Super Street Network

 |   |   |  Dynocell:Magnaflow TI Evolution Exhaust
Subscribe to the Free

Dynocell:Magnaflow TI Evolution Exhaust

Atkins for your Evo: Cut the fat

Robert Choo
Aug 6, 2004

What do you get when you cross a potent powerplant, four-wheel-drive powertrain, lightning-quick handling, four doors and aggressive bodylines? The Mitsubishi Evolution VIII.

For those of you not in the know, the EVO VIII was Mitsubishi's answer to the Subaru WRX. Although slightly more expensive than the original WRX, the EVO came with added features that included factory Recaro seats, Brembo brakes, higher engine output and Enkei wheels. To counter Mitsubishi's efforts, Subaru released the STi version of the WRX. Not only did the STi come with similar features to the EVO VIII, it generated more power--300 hp to the 287 hp in the EVO VIII. Critics have compared the STI and EVO VIII rivalry to the yesteryear matchup of Mustangs and Camaros, and rightfully so. Their destinies were sealed from the first and today we see camps of EVO VIII owners and STi owners going head-to-toe at dragstrips, road courses, rally events and even on the streets.

We don't play favorites, but we were fortunate enough to get our hands on the new Magnaflow Ti titanium performance exhaust system for you Evolution VIII guys out there. Made in Japan, the Magnaflow Ti system caught Turbo's attention at the 2003 SEMA Show; we were blown away by how good the system looked. We had to look twice at the Magnaflow logo before we believed it was actually made by a U.S. company.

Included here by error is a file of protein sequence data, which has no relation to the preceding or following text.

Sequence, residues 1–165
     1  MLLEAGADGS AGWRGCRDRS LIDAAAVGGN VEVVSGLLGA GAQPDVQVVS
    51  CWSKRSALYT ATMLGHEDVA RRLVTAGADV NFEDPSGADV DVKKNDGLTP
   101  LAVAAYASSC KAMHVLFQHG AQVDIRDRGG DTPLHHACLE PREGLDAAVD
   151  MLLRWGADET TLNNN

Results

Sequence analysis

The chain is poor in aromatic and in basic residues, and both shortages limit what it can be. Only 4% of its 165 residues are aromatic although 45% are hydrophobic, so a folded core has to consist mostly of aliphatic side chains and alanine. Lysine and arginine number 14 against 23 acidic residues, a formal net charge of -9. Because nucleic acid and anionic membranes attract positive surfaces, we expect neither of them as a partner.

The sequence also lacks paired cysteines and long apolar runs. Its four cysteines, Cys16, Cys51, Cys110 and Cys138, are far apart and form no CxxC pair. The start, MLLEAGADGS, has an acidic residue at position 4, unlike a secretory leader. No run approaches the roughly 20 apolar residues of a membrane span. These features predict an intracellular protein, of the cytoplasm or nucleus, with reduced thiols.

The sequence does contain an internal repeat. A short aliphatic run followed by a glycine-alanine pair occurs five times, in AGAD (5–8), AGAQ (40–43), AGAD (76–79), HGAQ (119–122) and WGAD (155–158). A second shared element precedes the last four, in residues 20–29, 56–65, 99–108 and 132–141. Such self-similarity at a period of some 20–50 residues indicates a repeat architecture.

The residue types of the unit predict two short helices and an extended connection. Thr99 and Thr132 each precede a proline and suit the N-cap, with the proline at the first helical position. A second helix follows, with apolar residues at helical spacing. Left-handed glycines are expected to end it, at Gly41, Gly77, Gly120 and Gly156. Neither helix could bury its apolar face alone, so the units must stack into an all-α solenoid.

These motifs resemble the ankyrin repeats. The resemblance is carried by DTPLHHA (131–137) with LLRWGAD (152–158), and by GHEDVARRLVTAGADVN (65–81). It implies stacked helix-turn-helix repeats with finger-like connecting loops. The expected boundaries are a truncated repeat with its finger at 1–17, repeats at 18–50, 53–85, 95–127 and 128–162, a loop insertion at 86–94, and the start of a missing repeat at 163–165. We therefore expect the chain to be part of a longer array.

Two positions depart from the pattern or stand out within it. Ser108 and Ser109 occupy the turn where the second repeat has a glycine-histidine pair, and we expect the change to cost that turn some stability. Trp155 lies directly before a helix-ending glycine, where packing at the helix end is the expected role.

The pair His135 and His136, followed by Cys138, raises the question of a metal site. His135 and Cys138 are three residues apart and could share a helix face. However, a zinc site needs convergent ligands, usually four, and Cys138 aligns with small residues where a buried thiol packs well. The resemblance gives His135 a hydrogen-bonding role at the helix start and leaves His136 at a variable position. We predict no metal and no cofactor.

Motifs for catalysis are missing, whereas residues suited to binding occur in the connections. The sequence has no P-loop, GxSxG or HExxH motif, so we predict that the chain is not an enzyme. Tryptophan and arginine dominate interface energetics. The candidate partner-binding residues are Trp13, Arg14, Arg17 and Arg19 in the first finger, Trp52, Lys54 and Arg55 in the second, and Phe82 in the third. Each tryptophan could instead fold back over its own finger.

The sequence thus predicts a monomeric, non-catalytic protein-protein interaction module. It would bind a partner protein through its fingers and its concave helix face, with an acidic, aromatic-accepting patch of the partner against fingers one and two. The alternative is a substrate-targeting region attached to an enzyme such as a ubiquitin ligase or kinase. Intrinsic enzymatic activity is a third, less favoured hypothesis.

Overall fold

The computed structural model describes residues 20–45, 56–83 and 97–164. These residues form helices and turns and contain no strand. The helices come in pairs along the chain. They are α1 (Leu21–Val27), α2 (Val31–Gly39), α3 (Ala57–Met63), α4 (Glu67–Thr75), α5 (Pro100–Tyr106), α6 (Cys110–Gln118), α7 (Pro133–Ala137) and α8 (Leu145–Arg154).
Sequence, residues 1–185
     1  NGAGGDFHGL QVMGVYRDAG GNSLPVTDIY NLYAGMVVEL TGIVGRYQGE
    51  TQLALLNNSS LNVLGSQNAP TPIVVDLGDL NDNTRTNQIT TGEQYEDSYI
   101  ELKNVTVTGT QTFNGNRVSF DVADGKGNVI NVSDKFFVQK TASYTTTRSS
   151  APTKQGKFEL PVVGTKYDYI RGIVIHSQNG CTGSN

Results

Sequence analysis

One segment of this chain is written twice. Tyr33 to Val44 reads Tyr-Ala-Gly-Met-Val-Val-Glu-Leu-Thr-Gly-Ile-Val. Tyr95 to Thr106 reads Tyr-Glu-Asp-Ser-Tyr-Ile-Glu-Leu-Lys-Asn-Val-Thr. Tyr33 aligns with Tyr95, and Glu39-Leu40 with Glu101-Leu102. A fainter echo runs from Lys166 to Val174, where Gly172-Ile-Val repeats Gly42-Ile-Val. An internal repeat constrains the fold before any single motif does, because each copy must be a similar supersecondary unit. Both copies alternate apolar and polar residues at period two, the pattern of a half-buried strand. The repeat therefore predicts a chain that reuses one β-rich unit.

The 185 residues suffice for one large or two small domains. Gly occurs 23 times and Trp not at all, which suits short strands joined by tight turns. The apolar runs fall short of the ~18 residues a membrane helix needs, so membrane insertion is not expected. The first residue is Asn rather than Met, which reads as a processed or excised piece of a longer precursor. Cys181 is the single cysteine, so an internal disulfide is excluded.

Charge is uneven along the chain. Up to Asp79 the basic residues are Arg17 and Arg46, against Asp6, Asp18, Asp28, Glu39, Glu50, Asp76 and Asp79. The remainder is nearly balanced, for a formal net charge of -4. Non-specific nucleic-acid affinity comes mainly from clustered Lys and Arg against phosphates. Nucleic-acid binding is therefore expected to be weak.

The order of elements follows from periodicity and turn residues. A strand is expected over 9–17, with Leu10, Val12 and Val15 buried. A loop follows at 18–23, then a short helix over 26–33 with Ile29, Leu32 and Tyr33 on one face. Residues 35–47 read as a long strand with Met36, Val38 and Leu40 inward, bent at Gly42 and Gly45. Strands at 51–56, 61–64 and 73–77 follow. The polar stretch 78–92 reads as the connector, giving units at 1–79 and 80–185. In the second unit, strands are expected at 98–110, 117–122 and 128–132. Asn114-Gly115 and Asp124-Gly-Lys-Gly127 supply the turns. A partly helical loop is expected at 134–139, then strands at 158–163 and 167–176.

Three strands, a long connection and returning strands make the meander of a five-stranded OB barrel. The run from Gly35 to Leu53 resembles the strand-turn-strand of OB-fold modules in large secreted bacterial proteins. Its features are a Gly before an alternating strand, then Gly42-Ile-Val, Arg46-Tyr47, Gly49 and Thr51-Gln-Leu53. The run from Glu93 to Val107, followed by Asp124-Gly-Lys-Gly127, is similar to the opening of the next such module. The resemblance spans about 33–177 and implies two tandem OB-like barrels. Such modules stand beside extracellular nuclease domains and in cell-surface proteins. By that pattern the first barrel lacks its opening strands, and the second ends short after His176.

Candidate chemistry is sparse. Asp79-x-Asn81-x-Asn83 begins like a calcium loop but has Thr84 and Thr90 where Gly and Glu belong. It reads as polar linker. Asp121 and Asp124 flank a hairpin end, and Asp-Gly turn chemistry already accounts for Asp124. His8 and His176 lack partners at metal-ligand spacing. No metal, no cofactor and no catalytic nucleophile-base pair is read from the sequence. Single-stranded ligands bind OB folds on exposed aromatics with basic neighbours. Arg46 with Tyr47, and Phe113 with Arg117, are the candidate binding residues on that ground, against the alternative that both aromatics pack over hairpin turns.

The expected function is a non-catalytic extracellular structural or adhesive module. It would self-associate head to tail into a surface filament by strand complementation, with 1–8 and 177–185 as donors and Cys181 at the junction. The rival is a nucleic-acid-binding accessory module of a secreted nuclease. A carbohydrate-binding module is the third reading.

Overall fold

The system utilizes Japan-style slip-fit connectors with coil springs to hold the system together. The trick system is constructed entirely from titanium, with the exception of the two hollow cadmium hangers and stainless-steel hardware. Titanium is extremely light; the entire system barely tips the scale at 11 pounds, compared to the factory system that weighs 34 pounds. The 23-pound weight reduction should be reason enough to get the Magnaflow Ti system. Our biggest surprise is how quiet the system is compared to many other titanium exhaust systems we've tested. Instead of the tin can sound we were expecting, the Magnaflow system's muffled resonation is much more tolerable.

On XS Engineering's Dynamic Test Systems four-wheel-drive dyno, the Evolution VIII registered 284.1 hp and 278 lb-ft of torque at the flywheel in stock trim. Once the Magnaflow Ti system was installed, we were able to generate 293.5 hp and 291.6 lb-ft of torque, an increase of 9.4 peak hp and 13.6 lb-ft of peak torque. The largest horsepower increase was realized at 6800 rpm with a gain of 18 hp. On the torque side, the largest increase was realized at 4150 rpm, with a jump of 15 lb-ft. On the street, the EVO VIII was able to reach peak boost much quicker and pulled all the way to redline; previously, the engine would flat-line after about 5500 rpm.

The Magnaflow system not only makes more power, but also reduces the overall weight of the EVO (for all you Atkins dieters out there). Reducing the fat and making more power; isn't that what everybody's after these days?

By Robert Choo
118 Articles



500 horsepower. It's a number that whoever made your car never thought it ought to have.
Aaron BonkJan 31, 2017
Audi B8 A4/S4 coilover kit and VW MK4/5 Golf/Jetta airbags are now available from Raceland
Bob HernandezJan 25, 2017
Engine and chassis bolt-on bits for the undeserved Scion iM
Sam DuJan 24, 2017
The 944S2 is capable of making solid power but to keep making it reliably it's important that maintenance is up to date.
Rory JurneckaJan 18, 2017
You not plowing into the back of that Chrysler starts with your brake pedal and ends with its pads, but that's not the whole story.
Aaron BonkJan 16, 2017
Sponsored Links